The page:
Doh!

To appreciate exactly what that means, one has to go back and look at their history, both jointly and severally, which Jackson was happy to oblige us with. Jackson, who is the Skipper, is 17 turning 18 in June, and doing his final year of secondary education. "Yes. Certainly busy, busy, and it is hard to find the right balance with sailing with all that is going on. I sailed Optimists at an amateur level, jumped out and went into 420s in the local programme, and then in 2019 went to the 420 Worlds to build skills etc, with the 2020 Youth Worlds being the target, but we missed it by one point."

"I am now looking to get in to anything I can, and even had a look at the 470. I am a Victorian Institute of Sport member, and am keen to look at an Olympic pathway." BTW, the O word hovers around this group a bit... "Next year maybe some more 470, and for now just training locally, getting school completed at the moment, and then sail whenever I can."

"The scope of the MYC Junior program has meant we have sailed against the best at home, which has been wonderful, and the club have also really done us well with funding too. Just cannot say enough about them."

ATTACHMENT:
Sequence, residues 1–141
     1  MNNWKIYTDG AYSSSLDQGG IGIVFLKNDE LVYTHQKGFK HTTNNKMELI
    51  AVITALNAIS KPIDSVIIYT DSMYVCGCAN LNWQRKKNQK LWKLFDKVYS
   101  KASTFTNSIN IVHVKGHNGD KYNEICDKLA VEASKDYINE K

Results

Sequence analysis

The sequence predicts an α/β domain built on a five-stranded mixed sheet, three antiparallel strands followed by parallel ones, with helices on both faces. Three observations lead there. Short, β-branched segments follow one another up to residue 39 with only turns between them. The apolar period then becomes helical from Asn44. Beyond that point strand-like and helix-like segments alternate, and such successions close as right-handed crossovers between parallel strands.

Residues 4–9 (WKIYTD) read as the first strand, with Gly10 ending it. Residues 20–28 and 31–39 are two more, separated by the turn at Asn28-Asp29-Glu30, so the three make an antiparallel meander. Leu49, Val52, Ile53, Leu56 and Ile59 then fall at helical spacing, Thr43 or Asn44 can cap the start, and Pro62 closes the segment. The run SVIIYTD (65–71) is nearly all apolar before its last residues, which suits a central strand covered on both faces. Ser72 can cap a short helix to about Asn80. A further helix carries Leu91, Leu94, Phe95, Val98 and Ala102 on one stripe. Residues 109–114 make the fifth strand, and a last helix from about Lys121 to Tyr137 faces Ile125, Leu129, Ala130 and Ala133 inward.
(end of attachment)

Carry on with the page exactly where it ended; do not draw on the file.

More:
"Jack is the same age as me and we have sailed with each other since the Optis. He also sailed 420s, did the Laser Worlds at Sandringham Yacht Club in 2020 in the Radial, and has been successful. He has a Youth Worlds qualifier event coming up, and is very keen to get the spot to go to Den Haag (The Hague) for the Youth Worlds from 8-15 July."

Now here's commitment!

"The twins were in Optis, and then moved from Albury/Wodonga to Mornington in 2016 to pursue their sailing dreams." Huge shout out to Mum and Dad at this point as well...

Jackson continued, "They jumped into the 420, dealt with some injuries, and recovered, subsequently qualified for Youth Worlds in 2017, and 2018, and then in 2019 went to a 29er, ahead of getting into the 49erFX. Early 2022, and it is all FX for them. Soon they'll be off to Kieler Woche, and the FX Junior Europeans in Italy. It is all part of them doing the futures programme, so for them it's travel, travel, travel..."